render() {
    return (
       <div>
        <GetInput input={this.state.inputValue} handleChange={this.handleChange}/>
        <RenderInput input={this.state.inputValue}/>
       </div>
    );
  }
};

class GetInput extends React.Component {
  constructor(props) {
    super(props);
  }
  render() {
    return (
      <div>
        <h3>Get Input:</h3>
        <input
          value={this.props.input}
          onChange={this.props.handleChange}/>
      </div>
    );
  }
};

class RenderInput extends React.Component {
  constructor(props) {
    super(props);
  }
  render() {
    return (
      <div>
        <h3>Input Render:</h3>
        <p>{this.props.input}</p>
      </div>
    );
  }
};

Lifecycle Methods

React components have several special methods that provide opportunities to perform actions at specific points in the lifecycle of a component. These are called lifecycle methods, or lifecycle hooks, and allow you to catch components at certain points in time. This can be before they are rendered, before they update, before they receive props, before they unmount, and so on. Here is a list of some of the main lifecycle methods:componentWillMount() componentDidMount() shouldComponentUpdate()componentDidUpdate() componentWillUnmount() The next several lessons will cover some of the basic use cases for these lifecycle methods.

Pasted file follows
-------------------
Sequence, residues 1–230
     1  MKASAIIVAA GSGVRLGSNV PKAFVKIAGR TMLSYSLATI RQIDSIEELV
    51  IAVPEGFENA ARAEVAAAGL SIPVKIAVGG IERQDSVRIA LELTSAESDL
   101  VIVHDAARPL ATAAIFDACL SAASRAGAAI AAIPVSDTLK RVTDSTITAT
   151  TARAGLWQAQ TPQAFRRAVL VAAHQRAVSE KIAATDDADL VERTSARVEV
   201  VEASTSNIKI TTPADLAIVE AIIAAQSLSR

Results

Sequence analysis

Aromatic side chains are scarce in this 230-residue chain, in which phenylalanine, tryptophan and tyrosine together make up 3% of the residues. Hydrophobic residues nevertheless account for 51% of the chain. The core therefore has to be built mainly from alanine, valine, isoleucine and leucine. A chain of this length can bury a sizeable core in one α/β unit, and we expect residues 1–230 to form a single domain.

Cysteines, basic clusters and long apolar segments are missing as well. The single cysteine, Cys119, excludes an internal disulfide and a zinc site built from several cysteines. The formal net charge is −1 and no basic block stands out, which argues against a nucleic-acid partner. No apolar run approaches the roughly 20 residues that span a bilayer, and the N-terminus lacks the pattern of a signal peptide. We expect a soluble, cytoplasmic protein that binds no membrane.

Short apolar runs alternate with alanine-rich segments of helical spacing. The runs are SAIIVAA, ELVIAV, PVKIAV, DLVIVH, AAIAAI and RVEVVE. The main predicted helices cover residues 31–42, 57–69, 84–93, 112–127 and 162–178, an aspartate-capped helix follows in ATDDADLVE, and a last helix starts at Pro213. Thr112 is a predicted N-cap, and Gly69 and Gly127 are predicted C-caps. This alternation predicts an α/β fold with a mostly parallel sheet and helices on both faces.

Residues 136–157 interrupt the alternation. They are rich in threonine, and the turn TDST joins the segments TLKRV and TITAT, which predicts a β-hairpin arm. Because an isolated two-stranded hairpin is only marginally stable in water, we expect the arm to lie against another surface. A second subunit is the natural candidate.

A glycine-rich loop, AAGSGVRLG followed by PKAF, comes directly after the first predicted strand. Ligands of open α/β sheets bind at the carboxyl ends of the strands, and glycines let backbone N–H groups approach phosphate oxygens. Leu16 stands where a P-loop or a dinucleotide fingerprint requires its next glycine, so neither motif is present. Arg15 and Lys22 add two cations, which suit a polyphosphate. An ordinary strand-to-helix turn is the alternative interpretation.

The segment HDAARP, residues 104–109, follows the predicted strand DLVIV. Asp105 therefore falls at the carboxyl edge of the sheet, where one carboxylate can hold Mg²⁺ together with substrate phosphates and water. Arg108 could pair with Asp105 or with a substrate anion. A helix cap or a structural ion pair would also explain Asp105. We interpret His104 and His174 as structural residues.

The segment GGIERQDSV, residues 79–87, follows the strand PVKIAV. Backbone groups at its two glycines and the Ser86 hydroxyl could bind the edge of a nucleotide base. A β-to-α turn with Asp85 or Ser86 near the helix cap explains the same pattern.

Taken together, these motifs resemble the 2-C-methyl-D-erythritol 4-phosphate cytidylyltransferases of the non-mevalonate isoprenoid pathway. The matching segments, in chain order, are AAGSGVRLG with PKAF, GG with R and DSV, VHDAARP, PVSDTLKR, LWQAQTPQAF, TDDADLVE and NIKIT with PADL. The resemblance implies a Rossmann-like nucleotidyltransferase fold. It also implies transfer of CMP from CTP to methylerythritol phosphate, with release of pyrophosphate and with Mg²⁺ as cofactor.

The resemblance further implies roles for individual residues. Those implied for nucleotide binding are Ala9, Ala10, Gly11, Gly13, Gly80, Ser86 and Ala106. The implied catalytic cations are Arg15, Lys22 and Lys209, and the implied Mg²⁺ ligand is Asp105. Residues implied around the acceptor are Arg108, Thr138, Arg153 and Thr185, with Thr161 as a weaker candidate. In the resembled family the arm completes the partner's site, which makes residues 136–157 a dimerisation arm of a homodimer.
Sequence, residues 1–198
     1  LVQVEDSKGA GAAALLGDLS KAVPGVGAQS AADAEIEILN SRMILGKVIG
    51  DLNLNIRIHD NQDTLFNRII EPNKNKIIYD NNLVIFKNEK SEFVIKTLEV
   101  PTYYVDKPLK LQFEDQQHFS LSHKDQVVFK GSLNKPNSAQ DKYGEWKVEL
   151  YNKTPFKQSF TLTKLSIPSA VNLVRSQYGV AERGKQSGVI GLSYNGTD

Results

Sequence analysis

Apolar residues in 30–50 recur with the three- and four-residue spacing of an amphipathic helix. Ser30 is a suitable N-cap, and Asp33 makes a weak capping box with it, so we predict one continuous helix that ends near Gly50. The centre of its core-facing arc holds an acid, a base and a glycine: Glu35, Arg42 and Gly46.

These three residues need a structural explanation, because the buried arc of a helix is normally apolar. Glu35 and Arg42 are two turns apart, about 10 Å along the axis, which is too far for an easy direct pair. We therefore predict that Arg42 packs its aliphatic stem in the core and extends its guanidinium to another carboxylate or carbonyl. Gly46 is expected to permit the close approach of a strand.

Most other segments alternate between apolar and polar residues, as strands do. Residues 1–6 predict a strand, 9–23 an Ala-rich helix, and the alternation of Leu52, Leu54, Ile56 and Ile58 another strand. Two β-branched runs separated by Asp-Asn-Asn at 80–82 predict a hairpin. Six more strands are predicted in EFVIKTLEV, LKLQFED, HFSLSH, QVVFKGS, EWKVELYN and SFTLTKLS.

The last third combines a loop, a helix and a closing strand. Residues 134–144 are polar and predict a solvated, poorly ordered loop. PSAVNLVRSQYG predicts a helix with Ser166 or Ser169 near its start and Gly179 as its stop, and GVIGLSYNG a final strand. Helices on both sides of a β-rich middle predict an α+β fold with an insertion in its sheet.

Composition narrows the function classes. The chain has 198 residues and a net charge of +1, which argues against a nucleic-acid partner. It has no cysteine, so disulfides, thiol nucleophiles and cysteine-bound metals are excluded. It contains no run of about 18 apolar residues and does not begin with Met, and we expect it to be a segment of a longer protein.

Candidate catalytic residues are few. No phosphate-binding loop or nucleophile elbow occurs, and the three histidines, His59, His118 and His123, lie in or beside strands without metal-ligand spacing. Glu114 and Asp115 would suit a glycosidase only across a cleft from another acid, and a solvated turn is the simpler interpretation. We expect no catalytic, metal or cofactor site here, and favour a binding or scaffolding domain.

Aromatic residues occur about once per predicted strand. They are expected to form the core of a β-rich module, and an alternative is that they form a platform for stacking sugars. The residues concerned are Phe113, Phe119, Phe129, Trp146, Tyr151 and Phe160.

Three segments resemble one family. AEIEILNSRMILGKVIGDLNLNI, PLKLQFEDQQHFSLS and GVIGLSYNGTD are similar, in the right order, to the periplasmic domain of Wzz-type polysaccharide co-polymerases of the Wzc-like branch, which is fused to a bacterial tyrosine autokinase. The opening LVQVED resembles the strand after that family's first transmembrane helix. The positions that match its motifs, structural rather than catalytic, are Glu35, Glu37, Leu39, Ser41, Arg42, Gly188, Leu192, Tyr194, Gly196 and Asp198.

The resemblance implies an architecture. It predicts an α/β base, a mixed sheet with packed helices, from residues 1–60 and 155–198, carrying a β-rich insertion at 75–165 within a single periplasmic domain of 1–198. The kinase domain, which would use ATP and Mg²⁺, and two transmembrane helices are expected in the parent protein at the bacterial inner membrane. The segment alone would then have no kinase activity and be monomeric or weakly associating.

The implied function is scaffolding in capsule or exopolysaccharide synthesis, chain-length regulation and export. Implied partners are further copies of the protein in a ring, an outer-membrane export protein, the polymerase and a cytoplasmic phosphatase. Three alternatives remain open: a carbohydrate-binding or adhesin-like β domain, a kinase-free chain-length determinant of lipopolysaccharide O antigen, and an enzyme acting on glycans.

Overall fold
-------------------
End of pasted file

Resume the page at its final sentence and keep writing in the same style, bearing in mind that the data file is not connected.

Note: The componentWillMount Lifecycle method will be deprecated in a future version of 16.X and removed in version 17.  (Source)

componentDidMount

Most web developers, at some point, need to call an API endpoint to retrieve data. If you're working with React, it's important to know where to perform this action.